WARSAW — For the second time, defense counsel for C. Aaron Rovenstine presented an 11th hour motion to halt the trial of their client. Today’s motion was a change of plea to one of the 10 counts against him.
Special Judge Stephen Bowers allowed media and spectators to enter the courtroom 10 minutes after the announced start time of the hearing. Upon calling the court to order, Bowers stated it was his understanding there was a resolution to the case at this time and that Rovenstine wished to change his plea of not guilty.
The plea agreement — pleading guilty to Count IV, intimidation, a level 6 felony — was taken under advisement by Bowers. He set sentencing at 9 a.m. Tuesday, May 23, in Kosciusko County. If the plea agreement is accepted, it will end Rovenstine serving in public office and his police career.
Going through the plea agreement, Bowers noted a term of sentencing was an ultimate misdemeanor sentencing option. This would give the judge an option to sentence Rovenstine as if the charge was a misdemeanor, while still keeping the felony conviction. Options for a class A misdemeanor include imprisonment, probation or home detention for a set period of time.
Charging documents state of Count IV, intimidation, a level 6 felony according to Indiana Codes 35-45-2-1(a) (2) and 35-45-2-1 (b) (1) (B) (i): “Rovenstine did knowingly communicate a threat to Paul Heaton, a law enforcement officer, with the intent that Paul Heaton be placed in fear of retaliation for a prior lawful act, to wit: initiating a criminal investigation of the conduct of Kevin Bronson while Kevin Bronson was incarcerated at the Kosciusko County Jail. The grand jury further charges and presents that from on or about the 20th day of March, 2015 to and including the 9th day of April, 2015 at and within Kosciusko County, Indiana.”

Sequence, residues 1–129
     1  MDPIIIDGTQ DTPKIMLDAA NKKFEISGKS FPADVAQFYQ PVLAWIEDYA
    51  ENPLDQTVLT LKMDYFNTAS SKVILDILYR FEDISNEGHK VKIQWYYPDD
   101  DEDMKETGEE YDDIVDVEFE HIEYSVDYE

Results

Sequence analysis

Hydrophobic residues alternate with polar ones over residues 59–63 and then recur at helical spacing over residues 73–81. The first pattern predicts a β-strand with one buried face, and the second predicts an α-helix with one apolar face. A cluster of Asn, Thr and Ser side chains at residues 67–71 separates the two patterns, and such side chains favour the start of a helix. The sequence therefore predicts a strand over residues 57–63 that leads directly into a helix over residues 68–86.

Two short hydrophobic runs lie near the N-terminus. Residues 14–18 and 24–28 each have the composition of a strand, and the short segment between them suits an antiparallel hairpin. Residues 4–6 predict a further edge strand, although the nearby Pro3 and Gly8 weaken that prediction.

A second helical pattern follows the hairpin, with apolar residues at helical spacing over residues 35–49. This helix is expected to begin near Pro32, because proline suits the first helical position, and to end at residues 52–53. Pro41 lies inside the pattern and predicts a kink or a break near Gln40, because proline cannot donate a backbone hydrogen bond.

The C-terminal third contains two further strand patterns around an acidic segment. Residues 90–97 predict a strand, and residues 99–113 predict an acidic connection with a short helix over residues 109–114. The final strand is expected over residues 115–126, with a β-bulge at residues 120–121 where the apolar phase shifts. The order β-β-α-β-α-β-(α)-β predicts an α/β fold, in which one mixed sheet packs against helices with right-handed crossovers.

The sentencing for a level 6 felony could carry a six month to 2 1/2 year sentence and up to a $10,000 fine. There is a one-year advisory. If the judge opts to sentence Rovenstine under the ultimate misdemeanor sentencing noted in the plea agreement, the sentence would be one year with only court costs being assessed.
After Bowers went through the items in the plea agreement and the rights that Rovenstine would be relinquishing, he asked Rovenstine for the second time if he still wished to enter a guilty plea. Following a brief hesitation, Rovenstine answered, “Yes sir.”
The remaining nine charges, also felonies, will be dismissed if the plea agreement is accepted. Those charges included three counts of bribery, one count of assisting a criminal and five counts of official misconduct.
According to state law, Rovenstine can continue serving as an elected official — in this case, sheriff of Kosciusko County — until he is sentenced. State statute does not allow an elected official to serve in office if convicted of a felony. The county Republican party will need to call a caucus to elect a new sheriff. In the interim, former sheriff and current captain of the department, William “Rocky” Goshert, will take charge.